Spring forecast

Will the global economy help
pave the way to Brexit?

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EY have been sole sponsors of the ITEM Club for 25 years. It is the only non-governmental forecasting group to use HM Treasury's model of the UK economy. Our reports provide a detailed economic analysis and forecast of economic activity for the period ahead. They are independent of any political, economic or business bias.

Forecast highlights

by Peter Spencer, Chief Economic Advisor, EY ITEM Club

The economy is already adjusting to life post-Brexit…

Our forecast projects that UK GDP will grow by 1.8% this year, in line with last year’s outcome. However, this doesn’t mean that nothing has changed in the economy. In fact, it masks an underlying shift in the balance of demand following the fall in the pound after last June’s Brexit vote – and means the economy is already adjusting to life outside the EU.

We also expect growth to slow down during the course of this year, leaving 2018 and 2019 looking weaker at growth rates of 1.2% and 1.5% respectively.

…as consumption slows…

The shift in demand that’s underway essentially involves a rebalancing from consumption to overseas trade. Last year, consumption effectively accounted for all the growth in demand, with overseas trade subtracting 0.4% from UK GDP growth. But with the savings ratio at a record low, this year sees a major slowdown in consumption as inflation bites into spending power. Meanwhile, net trade is projected to add to GDP in every year covered by this forecast.

…and overseas markets come to the rescue

This adjustment is being helped by a timely revival in our overseas markets. World trade and industrial output are growing faster than at any time since 2010, when they bounced back from the recession. For once, the recent economic data has surprised on the upside – not just in the UK but also in the US and Eurozone.

This revival partly reflects the knock-on effects of the collapse in commodity prices in 2015. And their recent recovery has pushed inflation back close to target levels almost everywhere, easing worries about deflation, especially in the Eurozone.

Despite the bright spots, political risks remain…

However, the global outlook remains at risk from political developments. In the US, the ‘Trump bump’ in the financial markets has been followed by another increase in consumer and business confidence. As a result, consumer confidence there is now stronger than at any time since the dot-com boom in 2000. However, as president, Donald Trump is facing political challenges in delivering some of his campaign promises – a situation that makes the likelihood, timing and magnitude of US policy initiatives very uncertain. What’s more, any initiatives he does succeed in delivering could either help or hinder the UK’s adjustment to life outside the EU.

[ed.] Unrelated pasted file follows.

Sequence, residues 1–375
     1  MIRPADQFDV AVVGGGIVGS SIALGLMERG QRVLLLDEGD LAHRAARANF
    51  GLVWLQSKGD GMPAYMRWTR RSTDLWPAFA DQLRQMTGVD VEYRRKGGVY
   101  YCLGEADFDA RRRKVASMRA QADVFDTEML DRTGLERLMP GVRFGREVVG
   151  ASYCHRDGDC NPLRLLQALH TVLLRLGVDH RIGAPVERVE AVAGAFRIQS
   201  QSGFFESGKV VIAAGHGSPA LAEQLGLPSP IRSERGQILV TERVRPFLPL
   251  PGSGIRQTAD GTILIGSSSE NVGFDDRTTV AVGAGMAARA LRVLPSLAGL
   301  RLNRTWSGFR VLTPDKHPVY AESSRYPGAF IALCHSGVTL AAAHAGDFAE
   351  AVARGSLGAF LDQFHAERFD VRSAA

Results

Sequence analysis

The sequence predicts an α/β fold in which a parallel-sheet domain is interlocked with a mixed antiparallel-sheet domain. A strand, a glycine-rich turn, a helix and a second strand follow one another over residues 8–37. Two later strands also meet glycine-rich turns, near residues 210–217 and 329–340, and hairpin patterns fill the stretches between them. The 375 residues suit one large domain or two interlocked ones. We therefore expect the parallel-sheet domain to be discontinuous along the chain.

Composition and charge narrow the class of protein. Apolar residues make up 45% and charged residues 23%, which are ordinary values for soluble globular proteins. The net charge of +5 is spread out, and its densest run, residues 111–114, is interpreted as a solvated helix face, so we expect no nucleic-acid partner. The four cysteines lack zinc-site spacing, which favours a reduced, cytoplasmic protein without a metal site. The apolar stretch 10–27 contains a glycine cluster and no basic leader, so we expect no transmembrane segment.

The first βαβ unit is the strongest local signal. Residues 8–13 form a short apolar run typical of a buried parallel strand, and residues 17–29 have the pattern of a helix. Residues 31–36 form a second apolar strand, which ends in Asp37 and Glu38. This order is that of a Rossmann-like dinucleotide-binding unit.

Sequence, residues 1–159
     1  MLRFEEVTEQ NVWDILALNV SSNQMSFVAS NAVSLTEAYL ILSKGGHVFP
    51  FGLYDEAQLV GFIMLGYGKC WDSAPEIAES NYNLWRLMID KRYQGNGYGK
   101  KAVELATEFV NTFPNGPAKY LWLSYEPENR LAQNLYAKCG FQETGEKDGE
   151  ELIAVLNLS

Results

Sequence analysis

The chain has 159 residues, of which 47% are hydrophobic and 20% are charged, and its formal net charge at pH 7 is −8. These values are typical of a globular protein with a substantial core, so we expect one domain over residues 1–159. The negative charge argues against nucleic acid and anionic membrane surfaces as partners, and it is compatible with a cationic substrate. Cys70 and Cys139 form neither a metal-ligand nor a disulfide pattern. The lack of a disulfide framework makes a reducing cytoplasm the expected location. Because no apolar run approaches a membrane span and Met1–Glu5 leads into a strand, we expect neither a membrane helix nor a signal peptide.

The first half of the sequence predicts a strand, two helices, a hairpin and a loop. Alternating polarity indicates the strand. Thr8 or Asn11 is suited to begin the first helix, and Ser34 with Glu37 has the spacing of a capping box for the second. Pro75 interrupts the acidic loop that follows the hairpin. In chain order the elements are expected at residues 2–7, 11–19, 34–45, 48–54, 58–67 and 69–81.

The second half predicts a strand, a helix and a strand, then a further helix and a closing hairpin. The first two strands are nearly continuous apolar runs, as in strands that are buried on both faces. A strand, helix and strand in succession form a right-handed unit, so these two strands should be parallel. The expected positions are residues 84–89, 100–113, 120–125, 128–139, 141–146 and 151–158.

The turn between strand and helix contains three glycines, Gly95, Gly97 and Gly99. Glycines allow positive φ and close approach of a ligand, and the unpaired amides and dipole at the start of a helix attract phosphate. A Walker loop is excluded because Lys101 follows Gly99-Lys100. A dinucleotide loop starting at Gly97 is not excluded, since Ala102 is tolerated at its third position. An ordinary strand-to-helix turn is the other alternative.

…as the UK weighs up its options

Against this mixed background, UK exporters are currently enjoying the benefits of Single Market membership as well as the devaluation in sterling and the revival in the world economy. We are assuming they will be trading under WTO rules in two years’ time, although it’s possible that the Government will be able to negotiate more favourable transition arrangements, perhaps followed by free trade agreements. These arrangements would make the adjustment smoother than the WTO option and provide some upside potential.

Time to invest in export capacity

But whatever happens with the UK’s trading arrangements in the next few years, there’s a clear and urgent need for investment in new export capacity and the UK supply chain to help businesses adjust to leaving the EU and the economy to rebalance. Moreover, European immigrants have provided much of the extra labour employed by UK business in recent years, a contribution that made shortages of skilled labour a thing of the past.

There have been anecdotal reports that some may have already left the UK, potentially leaving gaps in UK production facilities, and underlining the pressing need for more investment in education, skills and labour-saving machinery.

However, many firms may not have the confidence to invest until they see the shape of the new trading and immigration arrangements. The forecast sees investment falling this year and again in 2018, holding back demand and longer-term economic performance. As the countdown to Brexit begins, it’s clear that UK businesses will be living with uncertainty for some time to come.